Whether you’re an independent author or the editorial coordinator at a publishing house, you’re probably aware of the advantages of a good edit. To get good editing, however, you need to find a good editor. Unfortunately, that’s easier said than done.

While editors are a dime a dozen these days, it can be difficult to find truly great editors in the bunch. Luckily, there are a few easy steps you can take to find the best of the best when you need someone to edit your book project.

The camera peers through the leaves of a houseplant to focus on a man looking at his computer screen. You shouldn't feel like you're hunting to find a good editor.
You shouldn’t feel like you’re out in the weeds trying to find a good editor. (RF._.studio / Pexels.com)

1. Check Professional Associations to Find a Good Editor

Many editors will take the time and spend the money to join a professional editorial association. This helps separate them from the riffraff. It also gives them access to numerous community resources, including other editors.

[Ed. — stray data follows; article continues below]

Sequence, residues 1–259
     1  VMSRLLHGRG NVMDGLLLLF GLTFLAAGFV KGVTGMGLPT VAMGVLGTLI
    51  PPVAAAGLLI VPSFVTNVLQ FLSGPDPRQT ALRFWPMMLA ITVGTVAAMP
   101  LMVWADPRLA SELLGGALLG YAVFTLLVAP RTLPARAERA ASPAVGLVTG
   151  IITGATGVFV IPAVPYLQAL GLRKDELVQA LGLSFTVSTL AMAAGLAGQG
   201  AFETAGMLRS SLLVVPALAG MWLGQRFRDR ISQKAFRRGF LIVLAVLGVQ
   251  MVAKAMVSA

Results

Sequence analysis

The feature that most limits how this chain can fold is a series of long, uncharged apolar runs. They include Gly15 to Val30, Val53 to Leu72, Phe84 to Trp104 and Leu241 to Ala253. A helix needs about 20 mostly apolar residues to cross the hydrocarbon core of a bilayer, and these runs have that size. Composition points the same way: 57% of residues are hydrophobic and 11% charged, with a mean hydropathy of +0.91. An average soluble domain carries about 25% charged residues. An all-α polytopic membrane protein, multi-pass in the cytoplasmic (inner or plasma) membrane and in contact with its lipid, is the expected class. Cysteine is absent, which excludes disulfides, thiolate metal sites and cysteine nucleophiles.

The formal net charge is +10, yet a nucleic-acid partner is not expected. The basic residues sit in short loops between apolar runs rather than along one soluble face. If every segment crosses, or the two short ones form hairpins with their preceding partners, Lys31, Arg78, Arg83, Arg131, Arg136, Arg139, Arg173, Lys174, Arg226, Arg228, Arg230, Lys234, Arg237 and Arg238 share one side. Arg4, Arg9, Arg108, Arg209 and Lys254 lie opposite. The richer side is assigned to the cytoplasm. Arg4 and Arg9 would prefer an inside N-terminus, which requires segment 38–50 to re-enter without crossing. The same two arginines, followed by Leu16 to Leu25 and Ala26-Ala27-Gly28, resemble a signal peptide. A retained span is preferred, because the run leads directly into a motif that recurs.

Some professional associations offer certification and testing, which can help the best editors stand out from the crowd. Check out their member listings. Most maintain a database of current members. Many editors will list their areas of expertise and how long they’ve been editing.

2. Look for Credentials

You’ve asked around and someone recommended an editor to you. How do you know if they’re any good? You can always ask for the person’s CV or see if you can find it online. Most editors are more than pleased to make their credentials, education, and experience known to others.

What kinds of credentials should you look for? Association membership and certification is one thing. Diplomas and certificates are other factors to look for. Some editors may even have degrees in publishing. Others may have certification in particular kinds of editing, such as copy editing or proofreading.

A woman in a white dress shirt reviews a resume. Could she be trying to find a good editor?
You’re the boss when you hire an editor, so check out their resume! (RODNAE Productions / Pexels.com)

If an editor’s CV lacks in the way of certification or education, you may want to check for experience. Editorial certificates and programs are still relatively new, so many older editors who have been in the game for a long time don’t necessarily have them. They should have plenty of experience instead. If both are lacking, you might want to steer clear.

3. Check Their Editing Pedigree